The 30% of Australians who live outside a capital city are experiencing a period of rapid change. A new era of food and crop production prosperity is being driven by technological disruption and farm business consolidation. This is occurring alongside ballooning unemployment, poorer health outcomes, and social dislocation in regional communities. We need to find long-lasting solutions to this disparity.
Last financial year, agriculture was the largest contributor to Australia’s GDP growth and the fastest-growing sector in the nation. Meanwhile, in October 2017, youth unemployment in outback Queensland hit 59.2% at a time when employment rates in inner Brisbane for 15-24 year-olds were hovering at 6%. Youth unemployment sits around the 20% mark in many regional areas across Australia.
The challenges facing regional Australia will not be solved by a single new mine, a quick job-creation scheme, or a flurry of bus tickets to the city. Instead, we need sustainable solutions that give regional Australians the chance to leave welfare behind, transform their job prospects and contribute to society as skilled workers. The best first step would be to give regional Australians better access to tertiary education.
A problem for everyone
The majority of Australia’s 40 universities operate regional campuses. From Broome to Burnie to Bundaberg, 25 Australian universities have them. There are 68 regional campuses in total, located in every state and territory, with the exception of the ACT. Most of these campuses undertake research in areas like precision agriculture, organics, aquaculture, medicinal cannabis production, plant genetics and plant science. They’re building expertise relevant to our agriculture-driven economic prosperity. Yet the people living around those campuses don’t all benefit from them.
Australia’s regional campuses educate 20% of the nation’s tertiary students – more than 280,000 people. They could enrol many more, but proposed federal government policies would shut the door on many promising students. For example, proposals to make students pay for enabling places would act as a strong disincentive to take up study in the first place.
The goal of providing university access to 40% of the population has largely been met in metropolitan centres. But most regional areas are well below that participation target. Often, they are barely halfway there.
Since budget loadings, benefitting all regional campuses, were introduced in 2004, reviews have recommended extra funding for students enrolled at a regional university. This was proposed in recognition of the extra costs of delivering appropriate learning and teaching and the need to deliver career opportunities to regional people. These loadings were applied but have been successively wound back since that time.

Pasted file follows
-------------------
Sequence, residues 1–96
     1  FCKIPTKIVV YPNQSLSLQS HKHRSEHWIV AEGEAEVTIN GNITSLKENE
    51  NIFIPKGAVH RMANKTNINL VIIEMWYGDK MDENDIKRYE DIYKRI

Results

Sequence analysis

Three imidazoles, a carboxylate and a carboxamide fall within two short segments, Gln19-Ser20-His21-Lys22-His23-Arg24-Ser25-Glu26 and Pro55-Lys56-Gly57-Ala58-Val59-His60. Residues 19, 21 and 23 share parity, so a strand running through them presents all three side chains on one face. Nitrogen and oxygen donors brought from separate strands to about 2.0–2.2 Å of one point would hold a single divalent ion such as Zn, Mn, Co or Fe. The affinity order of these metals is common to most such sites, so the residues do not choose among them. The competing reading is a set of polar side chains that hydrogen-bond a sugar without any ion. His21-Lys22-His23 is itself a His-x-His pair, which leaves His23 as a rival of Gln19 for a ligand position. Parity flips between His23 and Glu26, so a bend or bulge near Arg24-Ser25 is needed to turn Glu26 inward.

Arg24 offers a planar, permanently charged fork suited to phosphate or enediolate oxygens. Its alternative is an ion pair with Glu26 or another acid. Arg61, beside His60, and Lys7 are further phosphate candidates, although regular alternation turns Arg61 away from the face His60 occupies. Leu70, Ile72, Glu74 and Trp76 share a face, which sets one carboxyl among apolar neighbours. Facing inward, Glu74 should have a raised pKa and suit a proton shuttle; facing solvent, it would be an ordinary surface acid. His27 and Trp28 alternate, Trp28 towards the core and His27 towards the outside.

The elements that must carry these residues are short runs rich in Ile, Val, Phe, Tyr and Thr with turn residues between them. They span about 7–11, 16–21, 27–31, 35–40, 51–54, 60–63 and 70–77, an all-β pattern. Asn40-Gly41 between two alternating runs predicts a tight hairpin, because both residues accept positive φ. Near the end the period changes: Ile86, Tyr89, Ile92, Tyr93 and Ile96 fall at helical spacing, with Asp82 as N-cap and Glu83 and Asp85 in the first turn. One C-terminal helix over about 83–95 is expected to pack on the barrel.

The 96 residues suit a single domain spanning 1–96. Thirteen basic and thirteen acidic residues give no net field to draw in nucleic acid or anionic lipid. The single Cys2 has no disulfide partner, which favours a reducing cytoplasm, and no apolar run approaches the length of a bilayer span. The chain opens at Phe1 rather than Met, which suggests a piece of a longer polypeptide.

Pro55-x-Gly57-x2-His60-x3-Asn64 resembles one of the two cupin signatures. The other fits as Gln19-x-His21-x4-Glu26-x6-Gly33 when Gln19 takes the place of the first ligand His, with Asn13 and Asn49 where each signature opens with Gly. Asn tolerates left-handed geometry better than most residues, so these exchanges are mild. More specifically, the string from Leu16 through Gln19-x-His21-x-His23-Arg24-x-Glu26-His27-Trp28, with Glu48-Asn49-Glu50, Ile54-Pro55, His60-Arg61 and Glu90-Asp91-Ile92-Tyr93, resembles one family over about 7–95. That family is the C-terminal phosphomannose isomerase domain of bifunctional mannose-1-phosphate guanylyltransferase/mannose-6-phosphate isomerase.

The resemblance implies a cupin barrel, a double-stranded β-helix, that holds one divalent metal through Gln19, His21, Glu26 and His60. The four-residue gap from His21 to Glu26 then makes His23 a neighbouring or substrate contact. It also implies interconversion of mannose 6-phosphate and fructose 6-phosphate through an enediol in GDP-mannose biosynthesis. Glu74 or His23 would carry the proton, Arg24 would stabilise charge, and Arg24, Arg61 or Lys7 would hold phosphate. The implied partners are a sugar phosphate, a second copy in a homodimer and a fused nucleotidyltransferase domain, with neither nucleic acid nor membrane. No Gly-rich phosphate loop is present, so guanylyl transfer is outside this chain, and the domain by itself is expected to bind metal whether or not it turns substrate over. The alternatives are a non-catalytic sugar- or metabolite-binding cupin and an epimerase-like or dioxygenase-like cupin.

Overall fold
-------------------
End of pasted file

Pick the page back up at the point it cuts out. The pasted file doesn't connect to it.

Read more: Four barriers to higher education regional students face – and how to overcome them
The whittling away of regional loadings means such universities are at a substantial disadvantage. The current tertiary funding formula is too uniform. Students receive the same base level of funding for their degree in almost every case. This may suit a university with 50,000 students in a capital city. But it simply doesn’t cover the cost of many courses on much smaller campuses outside urban areas.
Regional universities also find it hard to attract international students, who provide important additional revenue to many metropolitan universities.
These factors mean it’s essential to prioritise the promise of economic sustainability and opportunity over the notion of higher education policy equality. Regional students merit more specific, targeted support across a range of degrees.
Agriculture makes a significant contribution to Australia’s economy.
A new regional deal
A new approach to regional higher education would address many of these problems. Based on our research at Southern Cross University, I’ve suggested such an approach to the current federal government review into regional, rural and remote education. It would include:
10,000 Commonwealth supported enabling places for regional Australians, distributed according to regional need and demand
$50 million per year for four years to help all 25 universities with regional campuses catch up
a new regional loading, in recognition of the higher costs of regional education delivery.
As the Regional Universities Network (the RUN group) has advocated, regional university campuses need a new policy approach. Only regional universities can provide education at a reasonable cost without forcing people to face the upheaval of moving hundreds of kilometres, leaving family members behind and competing in the unaffordable housing markets of Sydney and Melbourne.
Read more: Clever regional unis can form the backbone of a clever country
Local start-ups, local businesses, local health providers, and local arts performers all deserve a chance to thrive. A new funding approach will empower regional campuses to create more opportunities for the people they serve. It will help reduce inter-generational welfare dependence among a significant cohort of families, and bring additional income into communities. It will enable regional universities to educate more teachers, nurses, engineers and small business-people to work productively in their own backyards. Above all, it will translate that talent in the backyard to the front yard and then to the rest of the world.
Authors: Adam Shoemaker, Vice Chancellor, Southern Cross University